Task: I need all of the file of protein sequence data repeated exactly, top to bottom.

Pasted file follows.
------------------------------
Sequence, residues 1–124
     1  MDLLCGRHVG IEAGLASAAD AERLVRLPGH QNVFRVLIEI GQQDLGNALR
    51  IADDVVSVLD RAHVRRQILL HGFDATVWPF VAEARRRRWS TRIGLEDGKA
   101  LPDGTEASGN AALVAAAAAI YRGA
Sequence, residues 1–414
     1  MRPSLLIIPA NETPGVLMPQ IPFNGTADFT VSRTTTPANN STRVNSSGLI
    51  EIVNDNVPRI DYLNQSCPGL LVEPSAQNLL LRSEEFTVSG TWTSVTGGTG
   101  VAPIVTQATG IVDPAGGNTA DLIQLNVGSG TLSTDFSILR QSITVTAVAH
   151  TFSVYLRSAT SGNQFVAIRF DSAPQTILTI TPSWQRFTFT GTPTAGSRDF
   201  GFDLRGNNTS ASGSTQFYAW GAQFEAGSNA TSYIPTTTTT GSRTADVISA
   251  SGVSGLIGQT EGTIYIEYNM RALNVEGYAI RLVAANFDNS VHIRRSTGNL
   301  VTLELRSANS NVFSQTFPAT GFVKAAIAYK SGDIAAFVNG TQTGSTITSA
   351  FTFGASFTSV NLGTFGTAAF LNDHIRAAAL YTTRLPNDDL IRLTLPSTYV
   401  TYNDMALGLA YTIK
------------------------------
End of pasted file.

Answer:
Sequence, residues 1–124
     1  MDLLCGRHVG IEAGLASAAD AERLVRLPGH QNVFRVLIEI GQQDLGNALR
    51  IADDVVSVLD RAHVRRQILL HGFDATVWPF VAEARRRRWS TRIGLEDGKA
   101  LPDGTEASGN AALVAAAAAI YRGA
Sequence, residues 1–414
     1  MRPSLLIIPA NETPGVLMPQ IPFNGTADFT VSRTTTPANN STRVNSSGLI
    51  EIVNDNVPRI DYLNQSCPGL LVEPSAQNLL LRSEEFTVSG TWTSVTGGTG
   101  VAPIVTQATG IVDPAGGNTA DLIQLNVGSG TLSTDFSILR QSITVTAVAH
   151  TFSVYLRSAT SGNQFVAIRF DSAPQTILTI TPSWQRFTFT GTPTAGSRDF
   201  GFDLRGNNTS ASGSTQFYAW GAQFEAGSNA TSYIPTTTTT GSRTADVISA
   251  SGVSGLIGQT EGTIYIEYNM RALNVEGYAI RLVAANFDNS VHIRRSTGNL
   301  VTLELRSANS NVFSQTFPAT GFVKAAIAYK SGDIAAFVNG TQTGSTITSA
   351  FTFGASFTSV NLGTFGTAAF LNDHIRAAAL YTTRLPNDDL IRLTLPSTYV
   401  TYNDMALGLA YTIK